Here Are the Best — and Worst — U.S. Cities for People With Disabilities

Scottsdale, Arizona, is the best city for people with disabilities.
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Deciding where to live is always hard, but it’s especially hard with a disability. We have so many more things to think about, like finding accessible buildings, accessible public transportation, and good medical care.

However, this should help: The financial site Wallethub has ranked 182 U.S. cities based on some of the unique concerns of people with disabilities. Specifically, it looked at factors pertaining to each city’s economy, quality of life if you have a disability, and health care quality and access.

Scottsdale, Arizona (pictured above) comes in at No. 1. Here are the top 10:

  1. Scottsdale, AZ
  2. Denver, CO
  3. Minneapolis, MN
  4. St. Louis, MO
  5. Virginia Beach, VA
  6. Pittsburg, PA
  7. Columbia, MD
  8. Chandler, AZ
  9. Huntington Beach, CA
  10. Overland Park, KS

Interested in the losers? These are Wallethub’s worst cities in the U.S. for people with disabilities. 

  1. Mobile, AL
  2. Greensboro, NC
  3. Montgomery, AL
  4. Pearl City, HI
  5. Bridgeport, CT
  6. Anchorage, AK
  7. Winston-Salem, NC
  8. Jackson, MS
  9. Juneau, AK
  10. Gulfport, MS

To break things down even further, Wallethub also ranks cities based on the employment rate for people with disabilities and the overall cost of living. Here’s how those rankings shake out.

Employment Rate for People With Disabilities (Highest)

  1. Fargo, ND
  2. Overland Park, KS
  3. Dover, DE
  4. Virginia Beach, VA
  5. Plano, TX

Employment Rate for People With Disabilities (Lowest)

  1. Bridgeport, CT
  2. Shreveport, LA
  3. Glendale, CA
  4. Gulfport, MS
  5. South Burlington, VT

Cost of Living (Highest)

  1. San Francisco, CA
  2. San Jose, CA
  3. New York, NY
  4. Honolulu, HI
  5. Pearl City, HI

Cost of Living (Lowest)

  1. Brownsville, TX
  2. Laredo, TX
  3. Huntington, WV
  4. Jackson, MS
  5. Oklahoma City, OK
  6. Toledo, OH

The point is not to rank cities in some immutable order that applies to everyone. Rather, Wallethub wants to help people with disabilities choose a city based on their individual priorities, especially if they want to live independently.

What Makes a Great City for People With Disabilities?

That said, it’s worth taking a closer look at Scottsdale to see why it won. In addition to a generally strong economy and fairly low cost of living, the city offers services and assistance for people with disabilities, such as:

  • Free, wheelchair-accessible trolleys with routes all over the downtown area
  • Several paratransit options 
  • Rideshare service and taxi vouchers for people with disabilities 
  • A compact downtown area with plenty of accessible shops and restaurants
  • Adaptive sports like bowling, swimming, and basketball
  • Adaptive social and recreational programs that encompass art, dance, music, life skills, and recreation
  • Trained city employees to help people participate in these programs
  • A fully accessible playground for children of all ability levels
  • An excellent health care system, including a significant branch of the Mayo Clinic (one of the best hospitals in the world) and a wide-ranging health care network called HonorHealth.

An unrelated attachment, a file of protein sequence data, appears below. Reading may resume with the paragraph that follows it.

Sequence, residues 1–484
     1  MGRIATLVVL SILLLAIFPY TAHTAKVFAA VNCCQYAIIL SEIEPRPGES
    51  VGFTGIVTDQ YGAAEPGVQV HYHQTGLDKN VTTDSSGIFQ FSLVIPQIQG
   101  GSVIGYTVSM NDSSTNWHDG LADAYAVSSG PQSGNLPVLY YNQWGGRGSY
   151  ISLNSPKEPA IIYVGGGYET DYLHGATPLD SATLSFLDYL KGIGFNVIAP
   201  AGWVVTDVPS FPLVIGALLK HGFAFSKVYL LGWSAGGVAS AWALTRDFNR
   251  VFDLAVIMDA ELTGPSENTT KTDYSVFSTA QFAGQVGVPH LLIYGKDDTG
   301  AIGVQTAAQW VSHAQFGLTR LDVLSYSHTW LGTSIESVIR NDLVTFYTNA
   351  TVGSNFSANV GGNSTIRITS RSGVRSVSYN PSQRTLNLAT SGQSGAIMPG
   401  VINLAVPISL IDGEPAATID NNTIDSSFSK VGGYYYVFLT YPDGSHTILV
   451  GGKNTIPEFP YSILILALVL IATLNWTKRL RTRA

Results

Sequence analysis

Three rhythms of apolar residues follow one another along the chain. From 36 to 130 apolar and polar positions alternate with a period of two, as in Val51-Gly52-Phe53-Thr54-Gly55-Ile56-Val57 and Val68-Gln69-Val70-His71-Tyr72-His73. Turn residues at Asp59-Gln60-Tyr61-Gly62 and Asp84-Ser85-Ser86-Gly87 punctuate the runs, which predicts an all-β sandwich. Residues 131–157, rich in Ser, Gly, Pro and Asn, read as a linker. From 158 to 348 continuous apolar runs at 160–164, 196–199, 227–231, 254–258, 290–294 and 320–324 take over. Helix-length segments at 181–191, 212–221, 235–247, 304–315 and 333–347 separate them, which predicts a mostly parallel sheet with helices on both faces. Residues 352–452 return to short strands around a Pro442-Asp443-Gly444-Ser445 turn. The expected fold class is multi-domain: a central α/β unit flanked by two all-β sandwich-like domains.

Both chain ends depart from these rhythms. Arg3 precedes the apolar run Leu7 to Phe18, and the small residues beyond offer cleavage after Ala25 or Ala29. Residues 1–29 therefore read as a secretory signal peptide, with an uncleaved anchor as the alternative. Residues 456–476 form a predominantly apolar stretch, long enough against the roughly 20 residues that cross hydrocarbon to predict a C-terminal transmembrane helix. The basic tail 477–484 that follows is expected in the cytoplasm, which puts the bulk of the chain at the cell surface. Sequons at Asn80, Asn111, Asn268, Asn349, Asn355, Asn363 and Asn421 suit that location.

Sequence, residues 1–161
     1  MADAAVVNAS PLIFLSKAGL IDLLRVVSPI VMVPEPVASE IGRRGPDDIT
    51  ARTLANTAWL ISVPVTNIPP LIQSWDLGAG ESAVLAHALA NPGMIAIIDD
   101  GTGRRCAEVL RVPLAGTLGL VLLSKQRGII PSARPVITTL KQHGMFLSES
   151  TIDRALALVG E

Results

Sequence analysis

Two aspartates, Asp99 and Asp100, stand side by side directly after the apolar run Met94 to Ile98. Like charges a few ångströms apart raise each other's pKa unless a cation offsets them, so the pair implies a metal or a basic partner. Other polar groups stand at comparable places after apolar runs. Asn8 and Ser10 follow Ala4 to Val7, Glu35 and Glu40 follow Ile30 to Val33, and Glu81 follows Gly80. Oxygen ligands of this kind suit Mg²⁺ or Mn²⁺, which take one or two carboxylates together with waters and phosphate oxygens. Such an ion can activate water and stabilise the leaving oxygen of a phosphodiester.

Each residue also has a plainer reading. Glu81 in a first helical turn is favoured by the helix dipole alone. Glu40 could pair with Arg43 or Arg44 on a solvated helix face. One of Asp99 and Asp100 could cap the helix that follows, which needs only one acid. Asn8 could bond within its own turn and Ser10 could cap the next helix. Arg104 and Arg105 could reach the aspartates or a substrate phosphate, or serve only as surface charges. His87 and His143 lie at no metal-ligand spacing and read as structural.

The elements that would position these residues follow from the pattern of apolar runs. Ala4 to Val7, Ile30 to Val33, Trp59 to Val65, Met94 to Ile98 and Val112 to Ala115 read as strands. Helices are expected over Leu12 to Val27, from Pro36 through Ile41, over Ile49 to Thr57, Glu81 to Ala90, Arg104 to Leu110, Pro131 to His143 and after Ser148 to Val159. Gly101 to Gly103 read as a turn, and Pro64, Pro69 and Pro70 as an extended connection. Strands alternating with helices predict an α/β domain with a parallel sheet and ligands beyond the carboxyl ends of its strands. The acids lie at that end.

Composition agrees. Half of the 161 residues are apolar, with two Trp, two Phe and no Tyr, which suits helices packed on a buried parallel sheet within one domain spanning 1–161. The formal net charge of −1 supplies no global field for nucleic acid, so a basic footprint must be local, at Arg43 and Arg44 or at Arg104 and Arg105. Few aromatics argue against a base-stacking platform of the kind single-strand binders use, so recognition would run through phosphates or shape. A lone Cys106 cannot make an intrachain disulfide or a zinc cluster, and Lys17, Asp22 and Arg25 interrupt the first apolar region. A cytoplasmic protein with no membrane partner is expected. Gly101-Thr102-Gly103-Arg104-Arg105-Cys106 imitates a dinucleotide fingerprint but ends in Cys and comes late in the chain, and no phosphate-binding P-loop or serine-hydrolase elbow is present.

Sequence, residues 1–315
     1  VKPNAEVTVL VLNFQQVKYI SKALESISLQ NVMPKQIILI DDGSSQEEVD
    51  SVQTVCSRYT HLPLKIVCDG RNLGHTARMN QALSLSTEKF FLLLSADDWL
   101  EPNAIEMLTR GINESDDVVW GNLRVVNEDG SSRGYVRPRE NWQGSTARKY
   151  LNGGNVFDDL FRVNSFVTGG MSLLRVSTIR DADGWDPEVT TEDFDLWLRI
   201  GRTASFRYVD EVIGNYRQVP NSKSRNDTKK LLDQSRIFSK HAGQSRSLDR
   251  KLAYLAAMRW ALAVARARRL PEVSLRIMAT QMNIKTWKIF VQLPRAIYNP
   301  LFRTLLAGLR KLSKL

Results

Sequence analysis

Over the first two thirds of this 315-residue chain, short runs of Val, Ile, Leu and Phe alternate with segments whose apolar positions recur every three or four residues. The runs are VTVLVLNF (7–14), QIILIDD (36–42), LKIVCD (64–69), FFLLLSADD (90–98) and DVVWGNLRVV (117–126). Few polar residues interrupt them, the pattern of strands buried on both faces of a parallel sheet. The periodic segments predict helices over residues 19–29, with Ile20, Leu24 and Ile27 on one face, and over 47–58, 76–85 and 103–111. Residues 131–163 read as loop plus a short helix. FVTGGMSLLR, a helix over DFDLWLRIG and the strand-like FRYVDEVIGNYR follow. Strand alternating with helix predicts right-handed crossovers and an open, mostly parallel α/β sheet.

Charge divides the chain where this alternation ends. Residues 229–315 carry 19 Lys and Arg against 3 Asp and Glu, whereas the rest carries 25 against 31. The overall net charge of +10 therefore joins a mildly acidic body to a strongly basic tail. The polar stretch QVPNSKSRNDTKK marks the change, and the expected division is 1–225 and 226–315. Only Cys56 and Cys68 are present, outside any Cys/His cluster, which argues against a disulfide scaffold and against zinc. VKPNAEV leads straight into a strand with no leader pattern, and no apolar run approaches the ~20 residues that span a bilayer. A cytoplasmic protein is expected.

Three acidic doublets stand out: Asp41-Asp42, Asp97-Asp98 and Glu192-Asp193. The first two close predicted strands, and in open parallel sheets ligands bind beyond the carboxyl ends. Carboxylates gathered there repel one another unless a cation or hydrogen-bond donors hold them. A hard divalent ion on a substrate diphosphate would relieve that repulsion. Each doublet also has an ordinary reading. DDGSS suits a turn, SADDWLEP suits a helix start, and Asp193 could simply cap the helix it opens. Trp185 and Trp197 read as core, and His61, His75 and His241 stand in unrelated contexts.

Scottsdale isn’t for everyone, of course. Use the list above – and criteria of your own – as a starting point to assess any city where you might live.

You can also sort Wallethub’s main ranking from best to worst based on any of the three primary criteria it evaluated. (See below for more on how the ranking was calculated.)

For example, if you’re financially secure and don’t need economic assistance, quality of life may be more important to you. In that case, consider Portland, which comes out on top in that category. Or if access to great healthcare is a must, Billings may be your best choice. 

Wallethub’s Methodology

To determine the most livable U.S. cities for people with disabilities, WalletHub compared 182 cities across three key dimensions: economy, quality of life, and health care. The survey included the 150 most populous cities in the country as a whole, plus at least two of the most populous cities in each state.

Wallethub evaluated each of the three dimensions using 33 metrics that were assigned different weights. 

  • Economy included things like cost of living, housing affordability, employment rate and average income of people with disabilities, annual cost of in-home services, availability of disability insurance, and waiting times for public housing.
  • Quality of life encompassed high school graduation rate for people with disabilities; wheelchair-accessible restaurants, grocery stores, and other public facilities per capita; the share of newer (and thus probably more accessible) colleges and other public buildings; the effectiveness of state Medicaid programs; and other factors.
  • Health care included the cost of a doctor visit, home health and personal care aides per capita, the quality of the public hospital system, etc.

Each metric was graded on a 100-point scale, with a score of 100 representing the most favorable conditions for people with disabilities. Wallhub then determined each city’s weighted average across all metrics to calculate its overall score. Only the actual city proper was included, not suburbs and other surrounding areas. TwP

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